Tuberculosis (TB) kills more than 1.5 million people annually, mostly in developing countries. The U.S. government and private sector work to improve health at home and abroad, and a U.S. charity is helping advance a new vaccine against TB, the world’s leading infectious disease killer.
The Seattle-based Bill & Melinda Gates Foundation and the Wellcome Trust, based in the United Kingdom, are funding the final stage of clinical testing of the vaccine candidate M72/AS01E (M72). If approved, M72 would be the first new vaccine against pulmonary tuberculosis in more than a century.
“With TB cases and deaths on the rise, the need for new tools has never been more urgent,” Bill Gates said, announcing the foundation’s roughly $400 million contribution toward testing of M72. The Wellcome Trust is providing additional funding up to $150 million.
“Greater investment in safe and effective TB vaccines alongside a suite of new diagnostics and treatments could transform TB care for millions of people, saving lives and lowering the burden of this devastating and costly disease,” Gates added.
1.6 million people died from #Tuberculosis (TB) in 2021.
Progress to fight TB has been slow, with few scientific breakthroughs and unequal access to treatments.
— Wellcome (@wellcometrust) June 28, 2023
TB, which primarily affects the lungs, killed 1.6 million people in 2021, roughly 4,300 per day. Its greatest toll is on people living in poverty in low- and middle-income countries. TB is responsible for more deaths each year than HIV/AIDS and malaria combined. The availability of a TB vaccine is key to achieving the U.N. sustainable development goal of ending TB by 2030.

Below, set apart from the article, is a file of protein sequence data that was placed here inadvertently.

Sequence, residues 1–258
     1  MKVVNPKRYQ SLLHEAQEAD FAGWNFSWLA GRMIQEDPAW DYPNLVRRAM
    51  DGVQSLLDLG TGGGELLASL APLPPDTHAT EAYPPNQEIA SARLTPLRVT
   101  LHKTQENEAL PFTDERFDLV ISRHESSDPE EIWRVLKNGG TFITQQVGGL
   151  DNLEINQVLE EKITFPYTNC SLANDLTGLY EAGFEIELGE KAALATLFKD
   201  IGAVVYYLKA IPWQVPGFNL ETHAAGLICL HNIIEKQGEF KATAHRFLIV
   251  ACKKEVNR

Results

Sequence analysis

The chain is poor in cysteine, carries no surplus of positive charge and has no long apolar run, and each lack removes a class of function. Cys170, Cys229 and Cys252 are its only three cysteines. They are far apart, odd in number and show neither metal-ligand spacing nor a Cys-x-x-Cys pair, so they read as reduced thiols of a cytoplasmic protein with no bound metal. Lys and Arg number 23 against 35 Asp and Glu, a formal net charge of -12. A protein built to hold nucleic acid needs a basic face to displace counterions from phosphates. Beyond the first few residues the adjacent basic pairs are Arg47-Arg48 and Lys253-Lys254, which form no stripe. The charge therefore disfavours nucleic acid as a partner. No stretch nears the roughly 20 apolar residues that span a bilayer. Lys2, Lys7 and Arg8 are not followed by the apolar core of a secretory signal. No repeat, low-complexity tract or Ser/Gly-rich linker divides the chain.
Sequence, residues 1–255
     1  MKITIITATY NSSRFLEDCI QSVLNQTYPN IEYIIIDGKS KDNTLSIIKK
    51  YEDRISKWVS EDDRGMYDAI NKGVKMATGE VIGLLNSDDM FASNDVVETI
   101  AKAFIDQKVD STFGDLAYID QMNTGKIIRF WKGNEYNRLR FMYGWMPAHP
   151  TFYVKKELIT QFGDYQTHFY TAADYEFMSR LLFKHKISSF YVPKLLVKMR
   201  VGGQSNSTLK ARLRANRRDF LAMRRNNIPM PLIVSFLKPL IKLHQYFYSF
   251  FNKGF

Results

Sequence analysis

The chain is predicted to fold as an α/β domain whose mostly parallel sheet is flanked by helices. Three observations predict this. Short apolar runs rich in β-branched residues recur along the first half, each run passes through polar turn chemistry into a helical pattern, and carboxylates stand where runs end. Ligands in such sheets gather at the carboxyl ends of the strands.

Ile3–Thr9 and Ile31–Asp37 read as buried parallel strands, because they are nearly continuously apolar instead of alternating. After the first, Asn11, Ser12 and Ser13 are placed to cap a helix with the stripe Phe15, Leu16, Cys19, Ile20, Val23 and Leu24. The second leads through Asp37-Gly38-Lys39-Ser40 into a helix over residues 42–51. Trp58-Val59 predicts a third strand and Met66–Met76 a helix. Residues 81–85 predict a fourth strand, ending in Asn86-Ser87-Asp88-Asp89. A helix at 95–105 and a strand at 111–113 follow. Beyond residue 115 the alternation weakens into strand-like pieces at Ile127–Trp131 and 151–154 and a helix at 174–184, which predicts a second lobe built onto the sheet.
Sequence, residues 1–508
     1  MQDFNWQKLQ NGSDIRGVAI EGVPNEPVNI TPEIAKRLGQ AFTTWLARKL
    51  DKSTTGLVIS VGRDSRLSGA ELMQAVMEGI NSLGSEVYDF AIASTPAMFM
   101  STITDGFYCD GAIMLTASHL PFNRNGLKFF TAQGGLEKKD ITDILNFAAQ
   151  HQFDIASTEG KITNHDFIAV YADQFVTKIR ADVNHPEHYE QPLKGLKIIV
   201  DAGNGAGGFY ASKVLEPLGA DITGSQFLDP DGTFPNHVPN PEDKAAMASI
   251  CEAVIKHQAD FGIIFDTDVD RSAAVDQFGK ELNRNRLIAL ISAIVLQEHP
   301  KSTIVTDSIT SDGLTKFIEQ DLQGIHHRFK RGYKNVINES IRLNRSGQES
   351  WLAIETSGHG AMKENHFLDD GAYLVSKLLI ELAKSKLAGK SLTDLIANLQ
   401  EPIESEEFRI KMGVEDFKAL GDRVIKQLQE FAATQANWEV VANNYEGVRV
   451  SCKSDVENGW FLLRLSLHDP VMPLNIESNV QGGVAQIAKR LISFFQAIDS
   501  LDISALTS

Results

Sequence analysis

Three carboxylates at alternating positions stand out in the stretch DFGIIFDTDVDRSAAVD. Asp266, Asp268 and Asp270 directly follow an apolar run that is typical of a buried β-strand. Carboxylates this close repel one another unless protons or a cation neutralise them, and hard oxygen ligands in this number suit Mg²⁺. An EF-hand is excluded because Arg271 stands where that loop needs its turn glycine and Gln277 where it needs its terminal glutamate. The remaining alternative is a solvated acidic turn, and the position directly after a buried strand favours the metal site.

Developed by pharmaceutical firm GlaxoSmithKline, based in the U.K., with support from the Gates Foundation and the U.K. Foreign, Commonwealth & Development Office, M72 is one of 17 TB vaccines currently in development.
Phase III clinical testing ensures vaccines effectively prevent disease and follows earlier-phase trials that ensure safety. The only TB vaccine in use protects the very young from severe forms of the disease but offers only limited protection for adults and adolescents.
The United States works to advance global health and funds TB vaccine research, diagnostics, prevention and treatment through contributions to the Global Fund to Fight AIDS, Tuberculosis, and Malaria, as well as through the U.S. President’s Emergency Plan for AIDS Relief (PEPFAR), the National Institutes of Health and U.S. Agency for International Development (USAID) programming.
USAID has provided $4.6 billion in assistance to combat TB since 2000, working with partners to save more than 74 million lives globally.
In September 2022, the U.S. government, partner nations and the private sector pledged a record $14.25 billion to the Global Fund over the next three years. The global effort has saved the lives of more than 44 million people around the world over the past 20 years.
“This is all about saving lives,” President Biden told the Global Fund’s Seventh Replenishment Conference, held on the sidelines of the U.N. General Assembly, September 21, 2022, in New York.